|The Invincible, Shining Baldur!|
The threat [Charlemagne's active crusades to Christianize and conquer] may even have affected Viking Age poetry. As we noted earlier, many scholars believe that the Viking Age's greatest spiritual monument, 'The Seeress's Prophecy', was composed comparatively late in the history of northern Heathendom as a direct response to the threat of militant expansionist Christianity and the dramatic and seductive Judaic creation myths of the Bible (p 56).
The tumblers began to fall into place almost at once. The poem he refers to, The Voluspa, gives an account of the entirety of Norse Mythology, from creation to the events leading up to Ragnarok and beyond -- addressing the death of Baldur and his return to rule the new world, post Ragnarok. I'd never considered the story of Baldur from this perspective -- as a response to Christian ideals -- having always assumed it to be part of the lore before Christian influence, but once you start, the tumblers all start clicking together into place.
What if Baldur is the Heathen answer to Jesus? The only son of Odin and Frigg -- indeed, very possibly the only LEGITIMATE son of Odin and his wife -- Baldur is known for his essential goodness, his extreme beauty, his wisdom, and his sense of justice. The Seeress mentions the death of Baldur, and even tells Odin it will be the Mistletoe, thrown by Hod, which will kill him. She details the major events of Ragnarok, too, but the poem finishes with a vision of what will come after the death of so many of the gods:
59. Now do I see | the earth anewAnd the second to last stanza, powerful, broken and corrupted, considered spurious by most academics, but which makes a LOT more sense if all of this (and Baldur's story in particular) is the response to the Christian ideas of the ever impending return of Jesus:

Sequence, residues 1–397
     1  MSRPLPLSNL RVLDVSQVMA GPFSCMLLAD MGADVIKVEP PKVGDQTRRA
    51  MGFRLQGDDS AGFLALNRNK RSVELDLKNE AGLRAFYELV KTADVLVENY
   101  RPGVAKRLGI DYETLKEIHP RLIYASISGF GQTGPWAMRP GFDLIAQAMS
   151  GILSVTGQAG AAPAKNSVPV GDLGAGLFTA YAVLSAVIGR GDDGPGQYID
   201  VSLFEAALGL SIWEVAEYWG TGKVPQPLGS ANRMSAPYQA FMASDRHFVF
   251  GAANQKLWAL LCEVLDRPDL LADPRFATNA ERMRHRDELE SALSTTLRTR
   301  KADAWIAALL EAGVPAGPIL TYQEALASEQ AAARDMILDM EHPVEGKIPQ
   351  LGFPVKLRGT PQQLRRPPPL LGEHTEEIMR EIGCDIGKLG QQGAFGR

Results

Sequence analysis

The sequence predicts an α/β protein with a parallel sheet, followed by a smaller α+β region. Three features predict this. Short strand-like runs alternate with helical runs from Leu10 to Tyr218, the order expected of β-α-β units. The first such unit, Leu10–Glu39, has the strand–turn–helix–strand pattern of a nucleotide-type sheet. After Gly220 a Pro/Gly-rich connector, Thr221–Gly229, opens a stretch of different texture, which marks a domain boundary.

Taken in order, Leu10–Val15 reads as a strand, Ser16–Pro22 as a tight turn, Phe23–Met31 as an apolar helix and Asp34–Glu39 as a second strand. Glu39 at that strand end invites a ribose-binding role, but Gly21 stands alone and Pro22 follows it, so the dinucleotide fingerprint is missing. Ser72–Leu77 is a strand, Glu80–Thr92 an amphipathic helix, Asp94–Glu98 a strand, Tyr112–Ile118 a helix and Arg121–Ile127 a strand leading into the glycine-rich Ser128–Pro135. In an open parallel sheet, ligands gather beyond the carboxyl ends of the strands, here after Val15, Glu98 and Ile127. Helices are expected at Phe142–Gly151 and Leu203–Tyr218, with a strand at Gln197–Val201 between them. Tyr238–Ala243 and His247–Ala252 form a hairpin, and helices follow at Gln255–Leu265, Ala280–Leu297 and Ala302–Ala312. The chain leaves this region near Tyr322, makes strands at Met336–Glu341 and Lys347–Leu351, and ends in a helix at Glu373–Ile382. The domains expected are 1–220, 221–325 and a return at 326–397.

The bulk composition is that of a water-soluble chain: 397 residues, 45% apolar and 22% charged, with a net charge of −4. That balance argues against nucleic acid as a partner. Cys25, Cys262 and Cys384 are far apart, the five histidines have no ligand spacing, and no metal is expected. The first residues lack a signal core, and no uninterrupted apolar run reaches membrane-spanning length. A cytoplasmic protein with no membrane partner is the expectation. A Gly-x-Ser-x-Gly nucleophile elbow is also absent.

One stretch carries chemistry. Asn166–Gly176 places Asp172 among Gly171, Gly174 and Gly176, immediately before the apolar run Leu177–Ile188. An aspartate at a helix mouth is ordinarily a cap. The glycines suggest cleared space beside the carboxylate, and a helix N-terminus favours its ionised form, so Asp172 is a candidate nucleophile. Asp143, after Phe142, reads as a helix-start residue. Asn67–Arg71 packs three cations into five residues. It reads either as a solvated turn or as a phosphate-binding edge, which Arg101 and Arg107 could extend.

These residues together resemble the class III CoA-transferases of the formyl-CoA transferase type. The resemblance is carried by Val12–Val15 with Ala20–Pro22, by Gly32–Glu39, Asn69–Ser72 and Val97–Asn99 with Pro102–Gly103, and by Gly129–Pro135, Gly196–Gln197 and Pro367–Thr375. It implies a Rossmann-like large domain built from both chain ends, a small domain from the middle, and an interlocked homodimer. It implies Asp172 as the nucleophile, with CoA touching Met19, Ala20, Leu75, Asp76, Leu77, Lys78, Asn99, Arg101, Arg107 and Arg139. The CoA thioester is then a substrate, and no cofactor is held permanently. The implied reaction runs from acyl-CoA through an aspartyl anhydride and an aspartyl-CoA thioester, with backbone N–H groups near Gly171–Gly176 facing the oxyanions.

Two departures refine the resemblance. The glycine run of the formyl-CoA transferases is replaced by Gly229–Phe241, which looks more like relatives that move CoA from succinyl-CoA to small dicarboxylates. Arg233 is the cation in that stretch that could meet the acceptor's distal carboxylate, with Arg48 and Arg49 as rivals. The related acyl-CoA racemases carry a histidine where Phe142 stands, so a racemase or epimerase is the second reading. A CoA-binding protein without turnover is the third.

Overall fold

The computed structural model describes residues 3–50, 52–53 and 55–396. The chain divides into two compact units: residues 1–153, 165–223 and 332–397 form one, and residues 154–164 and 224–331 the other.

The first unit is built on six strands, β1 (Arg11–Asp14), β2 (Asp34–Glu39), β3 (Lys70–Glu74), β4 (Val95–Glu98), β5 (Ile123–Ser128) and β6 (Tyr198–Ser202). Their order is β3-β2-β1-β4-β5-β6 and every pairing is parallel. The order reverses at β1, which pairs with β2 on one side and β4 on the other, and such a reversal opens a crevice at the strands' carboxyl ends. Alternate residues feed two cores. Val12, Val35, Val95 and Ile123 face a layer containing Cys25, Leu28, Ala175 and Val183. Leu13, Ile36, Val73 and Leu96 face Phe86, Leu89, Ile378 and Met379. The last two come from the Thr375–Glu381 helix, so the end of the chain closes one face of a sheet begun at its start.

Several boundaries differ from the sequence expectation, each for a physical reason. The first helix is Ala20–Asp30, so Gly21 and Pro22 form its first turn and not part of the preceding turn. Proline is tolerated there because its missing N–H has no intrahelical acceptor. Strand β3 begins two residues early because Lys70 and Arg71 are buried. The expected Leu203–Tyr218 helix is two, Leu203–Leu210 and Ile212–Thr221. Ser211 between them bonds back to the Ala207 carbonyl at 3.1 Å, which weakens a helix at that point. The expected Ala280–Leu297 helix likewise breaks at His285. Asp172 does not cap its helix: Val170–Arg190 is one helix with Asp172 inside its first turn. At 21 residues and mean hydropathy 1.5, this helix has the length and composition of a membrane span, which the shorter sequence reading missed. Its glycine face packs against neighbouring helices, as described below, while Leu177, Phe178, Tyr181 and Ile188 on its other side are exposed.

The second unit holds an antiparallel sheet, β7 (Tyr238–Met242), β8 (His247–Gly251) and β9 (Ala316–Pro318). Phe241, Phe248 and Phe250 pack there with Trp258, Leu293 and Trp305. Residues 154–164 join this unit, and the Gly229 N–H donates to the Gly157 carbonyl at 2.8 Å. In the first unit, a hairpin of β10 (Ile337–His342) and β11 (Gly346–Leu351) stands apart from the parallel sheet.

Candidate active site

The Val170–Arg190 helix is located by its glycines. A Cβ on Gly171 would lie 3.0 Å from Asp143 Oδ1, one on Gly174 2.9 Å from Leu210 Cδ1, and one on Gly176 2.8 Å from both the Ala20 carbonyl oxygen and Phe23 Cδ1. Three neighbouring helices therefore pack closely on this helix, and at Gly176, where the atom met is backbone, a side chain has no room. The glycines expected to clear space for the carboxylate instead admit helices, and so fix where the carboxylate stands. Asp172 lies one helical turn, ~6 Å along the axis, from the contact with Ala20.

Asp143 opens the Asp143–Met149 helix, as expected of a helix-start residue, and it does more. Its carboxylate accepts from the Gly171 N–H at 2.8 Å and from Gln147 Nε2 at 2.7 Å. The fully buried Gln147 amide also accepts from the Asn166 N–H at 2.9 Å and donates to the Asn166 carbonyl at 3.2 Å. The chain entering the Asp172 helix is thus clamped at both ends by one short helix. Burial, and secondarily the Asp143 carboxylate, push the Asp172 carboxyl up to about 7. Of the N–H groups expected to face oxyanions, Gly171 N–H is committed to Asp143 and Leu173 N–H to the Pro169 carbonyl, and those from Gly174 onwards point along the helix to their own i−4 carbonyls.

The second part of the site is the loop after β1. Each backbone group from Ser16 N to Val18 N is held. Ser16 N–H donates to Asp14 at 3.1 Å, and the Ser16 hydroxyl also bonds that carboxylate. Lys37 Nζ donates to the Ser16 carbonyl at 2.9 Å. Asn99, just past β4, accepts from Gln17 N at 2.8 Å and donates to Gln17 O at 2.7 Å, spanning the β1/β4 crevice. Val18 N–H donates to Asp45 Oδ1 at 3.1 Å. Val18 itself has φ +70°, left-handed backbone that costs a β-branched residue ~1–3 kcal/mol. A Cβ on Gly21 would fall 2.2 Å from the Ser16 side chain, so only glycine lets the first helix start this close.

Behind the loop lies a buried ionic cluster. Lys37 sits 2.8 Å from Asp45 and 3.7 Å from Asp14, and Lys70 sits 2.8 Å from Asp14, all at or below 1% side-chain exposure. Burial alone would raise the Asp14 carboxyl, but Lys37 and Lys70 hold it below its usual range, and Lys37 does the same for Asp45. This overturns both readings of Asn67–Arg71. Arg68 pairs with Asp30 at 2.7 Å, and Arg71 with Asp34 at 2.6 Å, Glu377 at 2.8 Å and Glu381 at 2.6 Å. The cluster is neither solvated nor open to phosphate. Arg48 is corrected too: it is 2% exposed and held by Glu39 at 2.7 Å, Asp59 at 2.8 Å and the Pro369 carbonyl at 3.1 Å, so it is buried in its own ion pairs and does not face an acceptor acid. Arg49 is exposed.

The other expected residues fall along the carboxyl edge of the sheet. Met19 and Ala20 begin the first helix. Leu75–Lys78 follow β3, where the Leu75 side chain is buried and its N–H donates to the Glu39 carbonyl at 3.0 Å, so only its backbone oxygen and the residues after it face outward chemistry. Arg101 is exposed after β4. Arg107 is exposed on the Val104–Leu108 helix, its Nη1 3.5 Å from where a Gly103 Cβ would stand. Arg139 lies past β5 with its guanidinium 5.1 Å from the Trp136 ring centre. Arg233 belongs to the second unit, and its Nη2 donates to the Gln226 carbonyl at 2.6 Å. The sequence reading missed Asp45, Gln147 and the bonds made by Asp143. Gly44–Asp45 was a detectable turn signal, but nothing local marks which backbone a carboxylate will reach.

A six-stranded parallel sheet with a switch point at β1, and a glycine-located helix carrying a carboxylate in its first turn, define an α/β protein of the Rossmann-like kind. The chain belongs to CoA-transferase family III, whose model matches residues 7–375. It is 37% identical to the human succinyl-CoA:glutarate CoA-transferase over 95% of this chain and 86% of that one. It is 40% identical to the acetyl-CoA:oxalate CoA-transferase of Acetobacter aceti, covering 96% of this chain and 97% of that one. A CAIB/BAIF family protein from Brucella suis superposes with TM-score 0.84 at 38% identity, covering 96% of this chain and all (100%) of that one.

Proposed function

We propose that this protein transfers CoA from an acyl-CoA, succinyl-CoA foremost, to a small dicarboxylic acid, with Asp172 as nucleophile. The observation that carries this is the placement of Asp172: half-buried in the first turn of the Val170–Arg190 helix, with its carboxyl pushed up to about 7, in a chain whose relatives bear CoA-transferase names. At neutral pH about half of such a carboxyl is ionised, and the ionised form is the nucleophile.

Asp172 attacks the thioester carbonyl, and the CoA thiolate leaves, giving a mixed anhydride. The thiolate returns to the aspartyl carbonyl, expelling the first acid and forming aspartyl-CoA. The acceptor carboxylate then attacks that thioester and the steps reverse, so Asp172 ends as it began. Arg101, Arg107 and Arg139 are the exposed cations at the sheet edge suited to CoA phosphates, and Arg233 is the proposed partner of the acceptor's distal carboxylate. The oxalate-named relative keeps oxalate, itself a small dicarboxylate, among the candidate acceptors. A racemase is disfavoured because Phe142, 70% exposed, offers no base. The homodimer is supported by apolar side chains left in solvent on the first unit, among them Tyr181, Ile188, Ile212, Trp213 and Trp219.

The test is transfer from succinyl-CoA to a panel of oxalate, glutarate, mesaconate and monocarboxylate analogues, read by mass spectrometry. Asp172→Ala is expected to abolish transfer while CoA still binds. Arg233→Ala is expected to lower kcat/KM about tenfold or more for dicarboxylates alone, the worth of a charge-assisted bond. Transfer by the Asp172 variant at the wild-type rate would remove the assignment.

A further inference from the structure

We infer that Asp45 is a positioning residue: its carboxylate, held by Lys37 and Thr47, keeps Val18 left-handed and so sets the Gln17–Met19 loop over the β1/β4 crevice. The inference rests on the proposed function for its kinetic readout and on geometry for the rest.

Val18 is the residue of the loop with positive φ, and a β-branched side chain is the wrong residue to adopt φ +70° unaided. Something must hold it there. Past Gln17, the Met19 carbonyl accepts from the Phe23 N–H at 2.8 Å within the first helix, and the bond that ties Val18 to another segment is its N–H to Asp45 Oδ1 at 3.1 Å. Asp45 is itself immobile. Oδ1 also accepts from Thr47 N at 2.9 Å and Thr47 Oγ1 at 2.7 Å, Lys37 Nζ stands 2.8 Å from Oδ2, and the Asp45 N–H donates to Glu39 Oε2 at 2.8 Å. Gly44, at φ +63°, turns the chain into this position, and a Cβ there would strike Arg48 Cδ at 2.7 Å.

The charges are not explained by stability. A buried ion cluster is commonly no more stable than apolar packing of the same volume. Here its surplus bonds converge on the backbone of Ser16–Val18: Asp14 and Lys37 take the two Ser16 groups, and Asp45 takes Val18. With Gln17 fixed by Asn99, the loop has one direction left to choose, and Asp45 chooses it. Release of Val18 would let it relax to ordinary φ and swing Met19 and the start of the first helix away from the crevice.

Rise all green | from the waves again;
The cataracts fall, | and the eagle flies,
And fish he catches | beneath the cliffs.
60. The gods in Ithavoll | meet together,
Of the terrible girdler | of earth they talk,
And the mighty past | they call to mind,
And the ancient runes | of the Ruler of Gods.
61. In wondrous beauty | once again
Shall the golden tables | stand mid the grass,
Which the gods had owned | in the days of old,
. . . . . . . . . .
62. Then fields unsowed | bear ripened fruit,
All ills grow better, | and Baldr comes back;
Baldr and Hoth dwell | in Hropt's battle-hall,
And the mighty gods: | would you know yet more?
65. There comes on high, | all power to hold,What if the peoples of Scandinavia, after they heard about Jesus responded with "Oh yeah? Well we have Baldur, and he does everything your god does, only better." What if Ragnarok as recounted by the Seeress is really just a metaphor for the Christianization of the world, resulting in the "death" of the gods, until Baldur returns -- until the PEOPLE return to their faith in the old gods and the old ways, even to the Golden Tables of the gods? What if Ragnarok was already happening when the Voluspa was written?
A mighty lord, | all lands he rules.
Rule he orders, | and rights he fixes,
Laws he ordains | that ever shall live.
Maybe Baldur became the answer, the hope of a people who saw their way of life, their faith, their very cultural identity, being destroyed and replaced. Just hang in there, he says, Christianity is just a fad. Your gods are coming back, and they're going to bring you a better world, one where you'll be protected and everything will be even more beautiful than before. You aren't forgotten -- your gods are at war, fighting for your survival, and we're going to win.